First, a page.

Hailsham is closed in the middle of the novel, after Kathy and her friends have left and moved on to the Cottages and their lives as carers and donors. Although Kathy does not know, at first, why Hailsham is closed, it is later revealed that Hailsham was an “experiment” in a certain kind of compassionate, school-like environment for clones. The shuttering of Hailsham, therefore, represents English society losing its sense of the humanity of clones. Tommy and Kathy, on hearing this, are struck with a double-layered sadness: they know that Hailsham is not coming back, and that no “postponements” are possible for clones; and they realize what Hailsham actually was, a holding-area for clones until they were old enough to serve as carers and donors. But despite losing these stories and rationalizations, which had made their lives more bearable, Kathy finds that her memories and joys at Hailsham remain real and true, that the lie of the place did not alter the truth and humanity of her experience there.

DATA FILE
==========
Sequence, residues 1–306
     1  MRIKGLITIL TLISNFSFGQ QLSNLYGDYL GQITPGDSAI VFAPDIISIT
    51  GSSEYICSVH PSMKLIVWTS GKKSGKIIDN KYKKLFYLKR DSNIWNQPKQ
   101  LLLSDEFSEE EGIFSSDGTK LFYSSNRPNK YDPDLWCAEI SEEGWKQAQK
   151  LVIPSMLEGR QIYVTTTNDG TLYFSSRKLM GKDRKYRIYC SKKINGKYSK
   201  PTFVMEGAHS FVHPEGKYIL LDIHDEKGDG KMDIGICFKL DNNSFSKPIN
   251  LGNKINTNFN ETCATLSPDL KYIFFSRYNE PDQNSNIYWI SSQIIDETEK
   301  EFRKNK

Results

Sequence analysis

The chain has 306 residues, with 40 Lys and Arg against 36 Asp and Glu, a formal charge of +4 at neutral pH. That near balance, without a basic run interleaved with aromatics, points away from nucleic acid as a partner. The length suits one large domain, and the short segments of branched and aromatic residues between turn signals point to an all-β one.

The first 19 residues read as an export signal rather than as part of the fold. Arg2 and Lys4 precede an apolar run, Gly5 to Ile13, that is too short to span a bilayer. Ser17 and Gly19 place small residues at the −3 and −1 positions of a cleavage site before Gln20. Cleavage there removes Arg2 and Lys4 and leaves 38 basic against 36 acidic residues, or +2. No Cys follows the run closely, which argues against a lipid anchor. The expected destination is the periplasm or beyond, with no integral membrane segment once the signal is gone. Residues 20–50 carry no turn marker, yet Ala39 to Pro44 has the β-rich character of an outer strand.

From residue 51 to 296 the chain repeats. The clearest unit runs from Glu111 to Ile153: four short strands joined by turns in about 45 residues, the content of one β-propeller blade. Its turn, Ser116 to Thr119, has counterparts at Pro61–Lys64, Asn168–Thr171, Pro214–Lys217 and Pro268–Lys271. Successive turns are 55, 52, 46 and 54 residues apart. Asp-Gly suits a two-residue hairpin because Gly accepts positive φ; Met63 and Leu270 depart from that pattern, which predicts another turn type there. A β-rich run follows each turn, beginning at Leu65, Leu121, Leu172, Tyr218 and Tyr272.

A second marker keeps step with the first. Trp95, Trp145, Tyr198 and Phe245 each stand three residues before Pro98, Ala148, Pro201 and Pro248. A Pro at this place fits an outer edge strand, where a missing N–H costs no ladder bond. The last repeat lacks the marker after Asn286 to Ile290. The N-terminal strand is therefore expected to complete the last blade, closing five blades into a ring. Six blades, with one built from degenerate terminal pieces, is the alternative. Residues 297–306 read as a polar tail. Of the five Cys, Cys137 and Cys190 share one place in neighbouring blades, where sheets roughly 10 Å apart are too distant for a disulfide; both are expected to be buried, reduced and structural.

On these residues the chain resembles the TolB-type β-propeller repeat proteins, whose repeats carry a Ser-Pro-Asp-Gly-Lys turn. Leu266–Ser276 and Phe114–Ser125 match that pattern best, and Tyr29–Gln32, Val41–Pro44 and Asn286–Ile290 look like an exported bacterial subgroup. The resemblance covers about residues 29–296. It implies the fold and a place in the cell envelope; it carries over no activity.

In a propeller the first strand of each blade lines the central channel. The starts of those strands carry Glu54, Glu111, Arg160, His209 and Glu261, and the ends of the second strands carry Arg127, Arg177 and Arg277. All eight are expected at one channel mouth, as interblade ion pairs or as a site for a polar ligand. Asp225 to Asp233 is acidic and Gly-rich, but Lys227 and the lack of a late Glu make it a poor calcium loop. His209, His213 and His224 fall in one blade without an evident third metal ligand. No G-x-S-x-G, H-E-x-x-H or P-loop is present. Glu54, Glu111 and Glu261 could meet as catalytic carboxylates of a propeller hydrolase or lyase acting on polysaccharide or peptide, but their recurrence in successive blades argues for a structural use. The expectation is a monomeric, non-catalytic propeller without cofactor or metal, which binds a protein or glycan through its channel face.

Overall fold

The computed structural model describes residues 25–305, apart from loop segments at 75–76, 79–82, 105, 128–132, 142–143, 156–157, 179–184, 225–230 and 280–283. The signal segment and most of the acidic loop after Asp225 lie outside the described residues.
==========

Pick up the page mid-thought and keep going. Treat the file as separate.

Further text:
Losing and Finding ThemeTracker
Losing and Finding Quotes in Never Let Me Go
The gallery Tommy and I were discussing was something we’d all of us grown up with. Everyone talked about it as though it existed, though in truth none of us knew for sure that it did.
If she doesn’t like us, why does she want our work? Why doesn’t she just leave us alone? Who asks her to come here anyway?
It’s not good that I smoked. It wasn’t good for me so I stopped it. But what you must understand is that for you, all of you, it’s much, much worse to smoke than it ever was for me. You’ve been told about it. You’re students. You’re . . . special.